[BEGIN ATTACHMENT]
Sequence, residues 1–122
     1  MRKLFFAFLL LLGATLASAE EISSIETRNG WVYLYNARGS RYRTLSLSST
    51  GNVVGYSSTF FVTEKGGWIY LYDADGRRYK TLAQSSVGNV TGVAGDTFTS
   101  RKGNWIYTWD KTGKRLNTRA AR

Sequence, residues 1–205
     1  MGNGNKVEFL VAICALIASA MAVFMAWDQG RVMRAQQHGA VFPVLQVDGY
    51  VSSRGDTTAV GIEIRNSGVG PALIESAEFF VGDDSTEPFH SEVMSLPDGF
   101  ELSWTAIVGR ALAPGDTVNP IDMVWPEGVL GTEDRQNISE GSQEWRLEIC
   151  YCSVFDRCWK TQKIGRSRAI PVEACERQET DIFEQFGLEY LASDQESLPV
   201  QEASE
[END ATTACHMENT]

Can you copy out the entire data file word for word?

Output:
Sequence, residues 1–122
     1  MRKLFFAFLL LLGATLASAE EISSIETRNG WVYLYNARGS RYRTLSLSST
    51  GNVVGYSSTF FVTEKGGWIY LYDADGRRYK TLAQSSVGNV TGVAGDTFTS
   101  RKGNWIYTWD KTGKRLNTRA AR

Sequence, residues 1–205
     1  MGNGNKVEFL VAICALIASA MAVFMAWDQG RVMRAQQHGA VFPVLQVDGY
    51  VSSRGDTTAV GIEIRNSGVG PALIESAEFF VGDDSTEPFH SEVMSLPDGF
   101  ELSWTAIVGR ALAPGDTVNP IDMVWPEGVL GTEDRQNISE GSQEWRLEIC
   151  YCSVFDRCWK TQKIGRSRAI PVEACERQET DIFEQFGLEY LASDQESLPV
   201  QEASE